Thursday, March 14, 2013

The calm AFTER the storm

By: Alon Cohen EVP/CTO

Many articles discuss the relationship between company culture and leadership, and its strong correlation to the success of those companies.

One aspect of company culture that I want to discuss here is the sense of urgency that a company might or might not have. Sense of urgency to finish projects ahead of time, to deliver faster and to be the first to market. Some might call it competitiveness. There are, however, different types of competitive organizations and competitiveness, almost like our own good and bad cholesterol. The first type exist in organizations like Microsoft where the competition is between different teams and between employees inside the company, as attested by some of my friends who used to work there and a few articles. That internal competition in many cases impedes teamwork. 

The second type is the good one. It is the type of competitiveness which is projected outside the company. It lets the company be competitive as a team against outside threats and it provides companies the push to succeed. One aspect of that competitive drive is the sense of urgency.

Sometimes, however, even a good sense of urgency is not sufficient. I have noticed that many times a company will work towards a goal and achieve it ahead of its competitors. Results may look good and everyone is happy to come to work. In fact the company is so happy and self-content that it becomes complacent. The company keep comparing itself to its old self and forgets that now the game has changed. At this point every competitor is scrambling to do the same and even better if they are analyzing the product, identify places that can be improved and fix them in their own upcoming product.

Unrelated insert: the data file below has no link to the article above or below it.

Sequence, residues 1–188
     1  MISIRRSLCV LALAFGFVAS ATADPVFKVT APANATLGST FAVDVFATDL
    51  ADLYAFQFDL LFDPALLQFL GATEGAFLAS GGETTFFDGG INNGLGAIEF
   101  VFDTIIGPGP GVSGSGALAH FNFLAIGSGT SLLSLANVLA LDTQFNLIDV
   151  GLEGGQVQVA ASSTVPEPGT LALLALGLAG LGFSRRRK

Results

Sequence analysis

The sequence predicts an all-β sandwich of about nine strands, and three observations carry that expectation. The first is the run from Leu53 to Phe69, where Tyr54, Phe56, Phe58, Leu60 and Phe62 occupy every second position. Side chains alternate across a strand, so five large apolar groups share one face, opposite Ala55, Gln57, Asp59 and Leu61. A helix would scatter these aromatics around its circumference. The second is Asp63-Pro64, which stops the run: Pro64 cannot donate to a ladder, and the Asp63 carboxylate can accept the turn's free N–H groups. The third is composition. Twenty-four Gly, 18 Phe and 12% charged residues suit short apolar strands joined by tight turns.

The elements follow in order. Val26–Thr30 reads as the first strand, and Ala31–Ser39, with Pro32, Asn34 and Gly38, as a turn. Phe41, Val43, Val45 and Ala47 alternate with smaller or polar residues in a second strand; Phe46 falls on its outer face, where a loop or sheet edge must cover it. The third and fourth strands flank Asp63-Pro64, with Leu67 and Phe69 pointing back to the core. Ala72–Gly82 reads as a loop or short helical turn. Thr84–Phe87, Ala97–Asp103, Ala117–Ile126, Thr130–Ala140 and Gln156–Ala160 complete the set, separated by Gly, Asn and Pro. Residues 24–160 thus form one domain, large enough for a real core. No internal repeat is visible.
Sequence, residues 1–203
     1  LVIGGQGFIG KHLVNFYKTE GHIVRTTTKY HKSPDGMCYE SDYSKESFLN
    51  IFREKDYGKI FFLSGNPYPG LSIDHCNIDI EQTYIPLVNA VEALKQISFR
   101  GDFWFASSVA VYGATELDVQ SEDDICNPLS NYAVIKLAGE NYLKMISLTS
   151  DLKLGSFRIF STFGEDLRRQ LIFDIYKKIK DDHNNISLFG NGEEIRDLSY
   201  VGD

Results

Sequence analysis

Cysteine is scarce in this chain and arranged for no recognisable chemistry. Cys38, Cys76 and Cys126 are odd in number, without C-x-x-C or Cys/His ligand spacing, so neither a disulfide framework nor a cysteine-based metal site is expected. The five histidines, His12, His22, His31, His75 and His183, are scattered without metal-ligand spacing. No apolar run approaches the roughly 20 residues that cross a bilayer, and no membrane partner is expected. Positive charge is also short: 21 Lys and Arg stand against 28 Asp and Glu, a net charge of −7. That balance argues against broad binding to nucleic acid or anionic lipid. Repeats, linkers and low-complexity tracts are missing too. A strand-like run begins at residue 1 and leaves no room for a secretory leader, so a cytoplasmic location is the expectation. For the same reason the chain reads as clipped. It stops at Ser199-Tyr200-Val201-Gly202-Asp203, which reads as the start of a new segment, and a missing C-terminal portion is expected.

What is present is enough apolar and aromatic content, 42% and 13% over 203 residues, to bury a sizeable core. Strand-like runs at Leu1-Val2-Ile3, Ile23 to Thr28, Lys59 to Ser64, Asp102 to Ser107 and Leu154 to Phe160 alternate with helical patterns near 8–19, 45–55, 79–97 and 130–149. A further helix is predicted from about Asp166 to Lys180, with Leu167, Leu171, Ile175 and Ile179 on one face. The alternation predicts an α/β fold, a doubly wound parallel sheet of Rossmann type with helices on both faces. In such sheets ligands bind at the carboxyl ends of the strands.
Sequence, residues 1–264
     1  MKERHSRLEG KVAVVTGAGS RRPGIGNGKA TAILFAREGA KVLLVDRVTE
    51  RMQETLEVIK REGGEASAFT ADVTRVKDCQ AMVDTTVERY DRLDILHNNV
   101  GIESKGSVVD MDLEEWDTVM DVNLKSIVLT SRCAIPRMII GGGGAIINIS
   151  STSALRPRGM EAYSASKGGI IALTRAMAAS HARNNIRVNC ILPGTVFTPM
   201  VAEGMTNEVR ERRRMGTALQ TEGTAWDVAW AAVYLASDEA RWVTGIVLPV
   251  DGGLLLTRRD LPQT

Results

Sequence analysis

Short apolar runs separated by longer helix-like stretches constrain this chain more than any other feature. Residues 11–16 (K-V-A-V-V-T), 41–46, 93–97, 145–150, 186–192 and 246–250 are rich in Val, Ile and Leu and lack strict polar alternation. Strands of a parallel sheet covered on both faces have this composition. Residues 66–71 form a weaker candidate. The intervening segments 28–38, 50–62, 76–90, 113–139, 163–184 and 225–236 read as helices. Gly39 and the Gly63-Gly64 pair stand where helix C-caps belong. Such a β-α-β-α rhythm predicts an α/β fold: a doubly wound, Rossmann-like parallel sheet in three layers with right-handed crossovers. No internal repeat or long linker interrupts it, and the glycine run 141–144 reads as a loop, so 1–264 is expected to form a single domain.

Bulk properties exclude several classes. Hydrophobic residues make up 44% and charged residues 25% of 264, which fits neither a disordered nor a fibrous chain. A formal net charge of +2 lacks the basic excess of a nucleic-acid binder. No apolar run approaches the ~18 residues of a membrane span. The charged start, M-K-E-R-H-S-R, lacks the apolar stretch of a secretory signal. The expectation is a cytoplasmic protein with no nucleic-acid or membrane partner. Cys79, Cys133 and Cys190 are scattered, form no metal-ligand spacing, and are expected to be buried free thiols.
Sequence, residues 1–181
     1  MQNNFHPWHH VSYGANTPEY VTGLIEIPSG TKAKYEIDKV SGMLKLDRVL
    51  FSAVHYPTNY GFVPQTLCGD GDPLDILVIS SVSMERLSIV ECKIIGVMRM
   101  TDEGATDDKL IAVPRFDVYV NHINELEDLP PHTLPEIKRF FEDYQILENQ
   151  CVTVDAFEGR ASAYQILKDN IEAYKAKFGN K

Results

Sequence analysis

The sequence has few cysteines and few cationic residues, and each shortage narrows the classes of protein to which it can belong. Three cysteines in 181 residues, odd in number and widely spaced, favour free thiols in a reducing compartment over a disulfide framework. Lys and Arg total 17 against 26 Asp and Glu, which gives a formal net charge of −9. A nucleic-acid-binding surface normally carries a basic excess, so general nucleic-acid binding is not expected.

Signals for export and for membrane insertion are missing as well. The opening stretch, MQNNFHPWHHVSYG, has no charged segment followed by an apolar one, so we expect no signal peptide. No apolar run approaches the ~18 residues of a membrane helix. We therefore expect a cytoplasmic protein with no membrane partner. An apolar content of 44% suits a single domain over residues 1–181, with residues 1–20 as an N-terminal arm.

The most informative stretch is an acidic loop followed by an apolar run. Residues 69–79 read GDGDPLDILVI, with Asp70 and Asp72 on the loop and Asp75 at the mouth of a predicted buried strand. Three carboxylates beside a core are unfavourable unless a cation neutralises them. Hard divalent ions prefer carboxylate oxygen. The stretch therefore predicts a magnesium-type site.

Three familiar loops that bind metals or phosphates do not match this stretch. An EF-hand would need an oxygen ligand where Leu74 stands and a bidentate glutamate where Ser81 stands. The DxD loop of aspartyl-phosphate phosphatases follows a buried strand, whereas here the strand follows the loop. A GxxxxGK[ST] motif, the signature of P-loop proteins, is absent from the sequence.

If you extend that “calm after the [release] storm” period, you basically give your competition time to recuperate, and you make it easy for them to get back into the game. The longer you stay calm the more chance they have to close the gap and maybe even win the race to the next goal.

Minimizing that period of complacency is critical to the company’s future. The company needs to be happy with its achievement but only for a very short while. It must set new goals, and start racing towards its new goal. It must also set its latest achievement as the new baseline and set goals to beat that yet again.

It is mentally hard to race against yourself when you know the competition is still behind. It is almost as mentally challenging as the “Individual time trials” in the Tour De France, in which cyclists pedal solo and are timed against the clock instead of against another rider.

Take for instance Microsoft. They released windows mobile in the early 2000 and as if they forgot they worked on it, they never followed through with it. Were they calm and complacent? Probably as usual. This gave Apple and later Google a chance to not only close the gap, but even win the market completely.

Apple on the other hand kept the pace up and kept the development and production pipelines warm as was proven by the rate at which they innovate and came out with new iXXX products, with new form factors and new software updates.

It is those companies and entrepreneurs who keep challenging themselves and keep outdoing themselves, that eventually collect the big rewards. Remember the old saying "the fact that you are not paranoid, does not mean there is no one chasing you".

What do you think?